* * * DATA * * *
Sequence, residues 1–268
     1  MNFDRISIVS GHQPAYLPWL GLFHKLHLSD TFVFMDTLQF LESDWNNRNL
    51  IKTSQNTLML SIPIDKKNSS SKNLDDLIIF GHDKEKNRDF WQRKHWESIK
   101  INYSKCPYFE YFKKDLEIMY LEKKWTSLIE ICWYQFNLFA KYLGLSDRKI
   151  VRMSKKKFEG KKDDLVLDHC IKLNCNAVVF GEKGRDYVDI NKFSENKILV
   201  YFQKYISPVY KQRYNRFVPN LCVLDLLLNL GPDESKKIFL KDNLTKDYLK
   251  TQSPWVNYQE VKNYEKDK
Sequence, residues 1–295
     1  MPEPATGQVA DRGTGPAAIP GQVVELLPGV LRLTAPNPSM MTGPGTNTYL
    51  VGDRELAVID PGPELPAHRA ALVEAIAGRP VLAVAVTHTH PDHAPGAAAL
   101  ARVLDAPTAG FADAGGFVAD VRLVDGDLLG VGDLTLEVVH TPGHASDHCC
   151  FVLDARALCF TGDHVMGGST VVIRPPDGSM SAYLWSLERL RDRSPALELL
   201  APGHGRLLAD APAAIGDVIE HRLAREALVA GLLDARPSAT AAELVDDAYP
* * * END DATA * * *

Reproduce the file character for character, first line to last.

Sequence, residues 1–268
     1  MNFDRISIVS GHQPAYLPWL GLFHKLHLSD TFVFMDTLQF LESDWNNRNL
    51  IKTSQNTLML SIPIDKKNSS SKNLDDLIIF GHDKEKNRDF WQRKHWESIK
   101  INYSKCPYFE YFKKDLEIMY LEKKWTSLIE ICWYQFNLFA KYLGLSDRKI
   151  VRMSKKKFEG KKDDLVLDHC IKLNCNAVVF GEKGRDYVDI NKFSENKILV
   201  YFQKYISPVY KQRYNRFVPN LCVLDLLLNL GPDESKKIFL KDNLTKDYLK
   251  TQSPWVNYQE VKNYEKDK
Sequence, residues 1–295
     1  MPEPATGQVA DRGTGPAAIP GQVVELLPGV LRLTAPNPSM MTGPGTNTYL
    51  VGDRELAVID PGPELPAHRA ALVEAIAGRP VLAVAVTHTH PDHAPGAAAL
   101  ARVLDAPTAG FADAGGFVAD VRLVDGDLLG VGDLTLEVVH TPGHASDHCC
   151  FVLDARALCF TGDHVMGGST VVIRPPDGSM SAYLWSLERL RDRSPALELL
   201  APGHGRLLAD APAAIGDVIE HRLAREALVA GLLDARPSAT AAELVDDAYP